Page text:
[Editor's Note: Our Big Moral Question this month is, "Do government regulations help or hurt the goal of responsible and timely scientific innovation?"]
After biomedical scientists demonstrated that they could make dangerous viruses like influenza even more dangerous, the National Institutes of Health (NIH) implemented a three-year moratorium on funding such research. But a couple of months ago, in December, the moratorium was lifted, and a tight set of rules were put in its place, such as a mandate for oversight panels.
"The sort of person who thinks like a bureaucratic regulator isn't the sort of person who thinks like a scientist."
The prospect of engineering a deadly pandemic virus in a laboratory suggests that only a fool would wish away government regulation entirely.
However, as a whole, regulation has done more harm than good in the arena of scientific innovation. The reason is that the sort of person who thinks like a bureaucratic regulator isn't the sort of person who thinks like a scientist. The sad fact of the matter is that those most interested in the regulatory process tend to be motivated by politics and ideology rather than scientific inquiry and technological progress.
Consider genetically engineered crops and animals, for instance. Beyond any reasonable doubt, data consistently have shown them to be safe, yet they are routinely held in regulatory limbo. For instance, it took 20 years for the AquAdvantage salmon, which grows faster than ordinary salmon, to gain approval from the FDA. What investor in his right mind would fund an entrepreneurial scientist who wishes to create genetically engineered consumer goods when he is assured that any such product could be subjected to two decades of arbitrary and pointless bureaucratic scrutiny?
Other well-intentioned regulations have created enormous problems for society. Medicine costs too much. One reason is that there is no international competition in the U.S. marketplace because it is nearly impossible to import drugs from other countries. The FDA's overcautious attitude toward approving new medications has ushered in a grassroots "right-to-try" movement, in which terminal patients are demanding access to potentially life-saving (but also potentially dangerous) treatments that are not yet federally approved. The FDA's sluggishness in approving generics also allowed the notorious former hedge fund manager Martin Shkreli to jack up the price of a drug for HIV patients because there were no competitors on the market. Thankfully, the FDA and politicians are now aware of these self-inflicted problems and are proposing possible solutions.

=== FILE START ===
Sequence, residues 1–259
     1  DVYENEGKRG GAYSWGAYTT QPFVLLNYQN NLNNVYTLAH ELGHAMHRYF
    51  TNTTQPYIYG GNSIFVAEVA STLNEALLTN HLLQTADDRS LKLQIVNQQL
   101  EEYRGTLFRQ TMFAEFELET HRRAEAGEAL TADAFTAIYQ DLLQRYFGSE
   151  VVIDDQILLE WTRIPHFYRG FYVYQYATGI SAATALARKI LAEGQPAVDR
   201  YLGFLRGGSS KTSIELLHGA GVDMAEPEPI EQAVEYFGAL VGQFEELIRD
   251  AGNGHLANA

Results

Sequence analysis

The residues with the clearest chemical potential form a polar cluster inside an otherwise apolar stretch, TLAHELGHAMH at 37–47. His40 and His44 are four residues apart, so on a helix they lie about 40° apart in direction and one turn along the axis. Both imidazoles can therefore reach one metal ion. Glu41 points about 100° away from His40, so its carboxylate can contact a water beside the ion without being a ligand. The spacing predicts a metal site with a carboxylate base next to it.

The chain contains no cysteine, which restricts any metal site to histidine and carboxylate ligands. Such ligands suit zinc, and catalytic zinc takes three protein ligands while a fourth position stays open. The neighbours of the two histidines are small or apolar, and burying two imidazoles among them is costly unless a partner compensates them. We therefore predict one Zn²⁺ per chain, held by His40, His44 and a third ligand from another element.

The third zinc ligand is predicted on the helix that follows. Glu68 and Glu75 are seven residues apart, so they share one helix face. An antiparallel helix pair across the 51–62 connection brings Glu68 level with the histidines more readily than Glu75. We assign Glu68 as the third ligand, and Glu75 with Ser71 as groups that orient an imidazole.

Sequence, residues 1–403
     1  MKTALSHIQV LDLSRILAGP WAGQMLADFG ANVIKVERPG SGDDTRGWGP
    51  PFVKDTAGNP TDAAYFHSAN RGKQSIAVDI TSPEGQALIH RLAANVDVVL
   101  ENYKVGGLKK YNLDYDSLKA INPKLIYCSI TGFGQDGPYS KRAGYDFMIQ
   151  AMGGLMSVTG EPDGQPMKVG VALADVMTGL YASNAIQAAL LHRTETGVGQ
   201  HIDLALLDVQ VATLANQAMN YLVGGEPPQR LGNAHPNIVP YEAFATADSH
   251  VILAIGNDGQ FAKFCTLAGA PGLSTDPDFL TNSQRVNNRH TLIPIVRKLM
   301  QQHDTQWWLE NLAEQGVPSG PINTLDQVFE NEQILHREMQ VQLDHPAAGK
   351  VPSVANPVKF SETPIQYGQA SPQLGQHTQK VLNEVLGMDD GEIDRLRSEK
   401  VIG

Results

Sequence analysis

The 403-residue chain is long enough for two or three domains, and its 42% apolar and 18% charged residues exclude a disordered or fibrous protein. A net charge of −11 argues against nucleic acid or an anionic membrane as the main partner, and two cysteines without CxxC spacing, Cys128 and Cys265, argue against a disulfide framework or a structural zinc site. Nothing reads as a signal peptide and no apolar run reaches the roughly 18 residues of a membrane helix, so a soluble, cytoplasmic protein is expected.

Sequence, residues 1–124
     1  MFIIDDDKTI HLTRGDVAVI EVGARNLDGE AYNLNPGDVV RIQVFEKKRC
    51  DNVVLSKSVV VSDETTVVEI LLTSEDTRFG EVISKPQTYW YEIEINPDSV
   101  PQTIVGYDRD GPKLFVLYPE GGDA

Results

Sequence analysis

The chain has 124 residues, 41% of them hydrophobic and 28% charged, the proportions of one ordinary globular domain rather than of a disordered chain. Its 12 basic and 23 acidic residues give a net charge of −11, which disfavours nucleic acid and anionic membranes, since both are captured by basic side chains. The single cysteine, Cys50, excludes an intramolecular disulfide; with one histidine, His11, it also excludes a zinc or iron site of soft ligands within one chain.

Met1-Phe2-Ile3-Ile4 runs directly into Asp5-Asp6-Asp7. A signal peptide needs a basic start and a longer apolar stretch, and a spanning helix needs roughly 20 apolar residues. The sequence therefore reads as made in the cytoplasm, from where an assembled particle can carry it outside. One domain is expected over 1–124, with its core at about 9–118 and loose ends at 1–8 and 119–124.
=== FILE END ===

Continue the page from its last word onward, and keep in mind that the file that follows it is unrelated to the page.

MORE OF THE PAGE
"Other well-intentioned regulations have created enormous problems for society."
The regulatory process itself drags on far too long and consists of procedural farces, none more so than public hearings and the solicitation of public comments. Hearings are often dominated by activists who are more concerned with theatrics and making the front page of a newspaper rather than contributing meaningfully to the scientific debate.
It is frankly absurd to believe that scientifically untrained laypeople have anything substantive to say on matters like biomedical regulation. The generals at the Pentagon quite rightly do not seek the public's council before they draw up battlefield plans, so why should scientists be subjected to an unjustifiable level of public scrutiny? Besides, there is a good chance that a substantial proportion of feedback is fake, anyway: A Wall Street Journal investigation uncovered that thousands of posts on federal websites seeking public comment on topics like net neutrality are fraudulent.
In other cases, out-of-date regulations remain on the books, holding back progress. For more than 20 years, the Dickey-Wicker Amendment has tied the hands of the NIH, essentially preventing it from funding any research that must first create human embryos or derive new embryonic stem cell lines. This seriously impedes progress in regenerative medicine and dampens the potential revolutionary potential of CRISPR, a genome editing tool that could someday be used in adult gene therapy or to "fix" unhealthy human embryos.